OPTICAL METHODS FOR MOLECULAR SENSING: SUPPLEMENTING IMAGING OF TISSUE MICROSTRUCTURE WITH MOLECULAR INFORMATION
AdvisorBarton, Jennifer K.
Committee ChairBarton, Jennifer K.
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PublisherThe University of Arizona.
RightsCopyright © is held by the author. Digital access to this material is made possible by the University Libraries, University of Arizona. Further transmission, reproduction or presentation (such as public display or performance) of protected items is prohibited except with permission of the author.
AbstractMore and more researchers and clinicians are looking to molecular sensing to predict how cells will behave, seeking the answers to questions like "will these tumor cells become malignant?" or "how will these cells respond to chemotherapy?" Optical methods are attractive for answering these questions because optical radiation is safer and less expensive than alternative methods, such as CT which uses X-ray radiation, PET/SPECT which use gamma radiation, or MRI which is expensive and only available in a hospital setting. In this dissertation, three distinct optical methods are explored to detect at the molecular level: optical coherence tomography (OCT), laser-induced fluorescence (LIF), and optical polarimetry. OCT has the capability to simultaneously capture anatomical information as well as molecular information using targeted contrast agents such as gold nanoshells. LIF is less useful for capturing anatomical information, but it can achieve significantly better molecular sensitivity with the use of targeted fluorescent dyes. Optical polarimetry has potential to detect the concentration of helical molecules, such as glucose. All of these methods are noninvasive or minimally invasive.The work is organized into four specific aims. The first is the design and implementation of a fast, high resolution, endoscopic OCT system to facilitate minimally invasive mouse colon imaging. The second aim is to demonstrate the utility of this system for automatically identifying tumor lesions based on tissue microstructure. The third is to demonstrate the use of contrast agents to detect molecular expression using OCT and LIF. The last aim is to demonstrate a new method based on optical polarimetry for noninvasive glucose sensing.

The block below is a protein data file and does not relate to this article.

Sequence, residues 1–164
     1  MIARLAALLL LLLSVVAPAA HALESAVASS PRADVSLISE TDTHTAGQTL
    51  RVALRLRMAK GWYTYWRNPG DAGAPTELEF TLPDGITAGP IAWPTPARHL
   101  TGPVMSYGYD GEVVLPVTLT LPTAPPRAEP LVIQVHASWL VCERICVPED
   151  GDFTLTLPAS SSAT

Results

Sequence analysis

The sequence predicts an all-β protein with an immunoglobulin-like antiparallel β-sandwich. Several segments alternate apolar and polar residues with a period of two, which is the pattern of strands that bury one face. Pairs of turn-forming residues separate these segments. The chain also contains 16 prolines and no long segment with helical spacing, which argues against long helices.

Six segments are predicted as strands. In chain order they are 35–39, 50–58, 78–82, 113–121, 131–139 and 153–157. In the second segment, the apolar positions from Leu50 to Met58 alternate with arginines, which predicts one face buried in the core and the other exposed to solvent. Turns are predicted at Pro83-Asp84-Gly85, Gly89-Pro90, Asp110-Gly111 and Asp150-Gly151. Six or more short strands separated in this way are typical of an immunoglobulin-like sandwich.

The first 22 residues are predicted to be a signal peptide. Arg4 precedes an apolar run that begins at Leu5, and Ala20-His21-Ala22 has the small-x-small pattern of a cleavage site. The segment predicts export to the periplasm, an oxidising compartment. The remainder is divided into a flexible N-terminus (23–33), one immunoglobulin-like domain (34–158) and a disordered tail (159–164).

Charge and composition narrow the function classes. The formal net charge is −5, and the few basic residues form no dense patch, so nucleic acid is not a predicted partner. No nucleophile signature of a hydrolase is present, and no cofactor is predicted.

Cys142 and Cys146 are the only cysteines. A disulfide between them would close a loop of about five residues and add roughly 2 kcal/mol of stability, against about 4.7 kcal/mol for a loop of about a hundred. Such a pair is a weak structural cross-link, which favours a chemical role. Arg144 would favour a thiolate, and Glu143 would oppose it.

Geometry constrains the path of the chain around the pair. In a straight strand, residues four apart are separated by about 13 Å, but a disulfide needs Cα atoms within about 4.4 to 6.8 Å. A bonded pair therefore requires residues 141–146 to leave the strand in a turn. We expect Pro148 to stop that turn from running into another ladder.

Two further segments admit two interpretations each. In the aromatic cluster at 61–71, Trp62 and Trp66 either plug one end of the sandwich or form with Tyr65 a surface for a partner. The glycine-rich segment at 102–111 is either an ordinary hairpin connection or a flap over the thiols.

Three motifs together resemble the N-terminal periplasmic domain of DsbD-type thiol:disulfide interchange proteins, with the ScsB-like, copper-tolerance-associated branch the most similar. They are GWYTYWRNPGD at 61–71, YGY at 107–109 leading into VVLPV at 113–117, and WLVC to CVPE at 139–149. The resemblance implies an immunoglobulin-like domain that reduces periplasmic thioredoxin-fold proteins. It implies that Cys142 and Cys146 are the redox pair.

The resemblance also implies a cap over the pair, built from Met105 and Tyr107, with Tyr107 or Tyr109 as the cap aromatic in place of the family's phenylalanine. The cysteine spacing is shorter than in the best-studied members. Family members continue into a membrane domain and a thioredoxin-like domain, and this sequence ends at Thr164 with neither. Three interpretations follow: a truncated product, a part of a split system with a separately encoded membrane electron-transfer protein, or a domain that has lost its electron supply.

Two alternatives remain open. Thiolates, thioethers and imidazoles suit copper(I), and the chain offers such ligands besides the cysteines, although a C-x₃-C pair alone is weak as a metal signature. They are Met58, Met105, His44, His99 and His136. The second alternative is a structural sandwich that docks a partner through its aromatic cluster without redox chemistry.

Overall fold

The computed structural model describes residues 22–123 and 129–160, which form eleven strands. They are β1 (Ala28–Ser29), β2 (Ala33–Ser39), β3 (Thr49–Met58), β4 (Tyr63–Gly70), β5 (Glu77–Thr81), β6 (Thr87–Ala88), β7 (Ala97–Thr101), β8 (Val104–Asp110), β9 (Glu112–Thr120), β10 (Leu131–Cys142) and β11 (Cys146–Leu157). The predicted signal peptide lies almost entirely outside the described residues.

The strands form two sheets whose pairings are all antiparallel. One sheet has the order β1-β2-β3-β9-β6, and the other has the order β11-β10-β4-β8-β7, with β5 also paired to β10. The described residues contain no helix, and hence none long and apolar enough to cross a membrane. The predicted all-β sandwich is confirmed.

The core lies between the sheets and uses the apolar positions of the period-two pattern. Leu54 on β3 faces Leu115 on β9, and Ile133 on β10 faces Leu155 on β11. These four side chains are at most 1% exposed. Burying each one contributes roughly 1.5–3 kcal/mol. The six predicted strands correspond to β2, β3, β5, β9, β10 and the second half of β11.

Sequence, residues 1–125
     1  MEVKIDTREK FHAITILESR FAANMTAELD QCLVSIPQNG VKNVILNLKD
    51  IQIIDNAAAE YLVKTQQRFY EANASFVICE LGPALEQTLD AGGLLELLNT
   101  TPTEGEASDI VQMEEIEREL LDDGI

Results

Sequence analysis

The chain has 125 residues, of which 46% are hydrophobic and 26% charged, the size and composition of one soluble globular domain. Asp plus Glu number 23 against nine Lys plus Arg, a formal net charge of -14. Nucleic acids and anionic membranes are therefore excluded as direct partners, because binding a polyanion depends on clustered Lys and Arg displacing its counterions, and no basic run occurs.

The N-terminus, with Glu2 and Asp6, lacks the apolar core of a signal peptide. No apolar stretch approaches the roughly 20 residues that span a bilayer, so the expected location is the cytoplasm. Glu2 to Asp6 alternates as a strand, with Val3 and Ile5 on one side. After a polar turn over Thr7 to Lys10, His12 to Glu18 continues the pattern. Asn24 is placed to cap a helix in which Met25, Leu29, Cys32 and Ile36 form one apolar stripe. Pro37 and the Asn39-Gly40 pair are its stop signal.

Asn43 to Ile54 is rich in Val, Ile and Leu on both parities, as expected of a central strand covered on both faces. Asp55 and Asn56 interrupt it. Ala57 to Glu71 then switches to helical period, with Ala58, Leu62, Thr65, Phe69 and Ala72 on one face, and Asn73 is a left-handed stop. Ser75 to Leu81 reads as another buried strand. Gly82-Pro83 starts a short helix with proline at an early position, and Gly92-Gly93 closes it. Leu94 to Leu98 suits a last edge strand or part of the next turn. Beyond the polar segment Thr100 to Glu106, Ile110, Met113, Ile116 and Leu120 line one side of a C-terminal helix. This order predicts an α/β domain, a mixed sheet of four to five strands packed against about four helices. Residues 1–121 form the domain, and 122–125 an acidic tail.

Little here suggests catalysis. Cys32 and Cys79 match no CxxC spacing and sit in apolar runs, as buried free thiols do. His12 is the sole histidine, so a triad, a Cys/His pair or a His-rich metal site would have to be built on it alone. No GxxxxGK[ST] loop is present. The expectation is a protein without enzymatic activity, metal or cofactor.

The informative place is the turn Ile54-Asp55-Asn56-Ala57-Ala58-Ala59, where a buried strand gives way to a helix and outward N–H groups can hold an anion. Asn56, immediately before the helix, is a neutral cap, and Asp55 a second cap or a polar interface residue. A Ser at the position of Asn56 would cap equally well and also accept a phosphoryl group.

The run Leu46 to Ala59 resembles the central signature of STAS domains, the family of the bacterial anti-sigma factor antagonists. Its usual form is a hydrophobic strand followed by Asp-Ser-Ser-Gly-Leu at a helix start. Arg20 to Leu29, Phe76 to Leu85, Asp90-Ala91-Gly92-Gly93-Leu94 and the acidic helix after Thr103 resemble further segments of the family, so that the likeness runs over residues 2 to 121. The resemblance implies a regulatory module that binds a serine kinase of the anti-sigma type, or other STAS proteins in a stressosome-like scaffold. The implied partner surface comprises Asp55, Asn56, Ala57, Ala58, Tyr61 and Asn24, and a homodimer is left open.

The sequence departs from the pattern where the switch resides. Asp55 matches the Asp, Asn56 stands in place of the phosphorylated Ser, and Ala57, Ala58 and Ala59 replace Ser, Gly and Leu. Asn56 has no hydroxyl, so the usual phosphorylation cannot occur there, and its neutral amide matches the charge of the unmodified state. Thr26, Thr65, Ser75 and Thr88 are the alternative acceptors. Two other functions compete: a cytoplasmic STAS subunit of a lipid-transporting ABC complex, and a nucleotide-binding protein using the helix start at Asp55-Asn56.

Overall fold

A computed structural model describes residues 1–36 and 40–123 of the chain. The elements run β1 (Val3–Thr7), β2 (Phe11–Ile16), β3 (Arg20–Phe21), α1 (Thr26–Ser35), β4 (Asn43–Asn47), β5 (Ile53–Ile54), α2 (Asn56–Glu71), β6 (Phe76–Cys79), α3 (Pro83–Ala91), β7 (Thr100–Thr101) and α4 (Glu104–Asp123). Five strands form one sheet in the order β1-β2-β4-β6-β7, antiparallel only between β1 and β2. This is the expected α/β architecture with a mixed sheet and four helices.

Degree ProgramOptical Sciences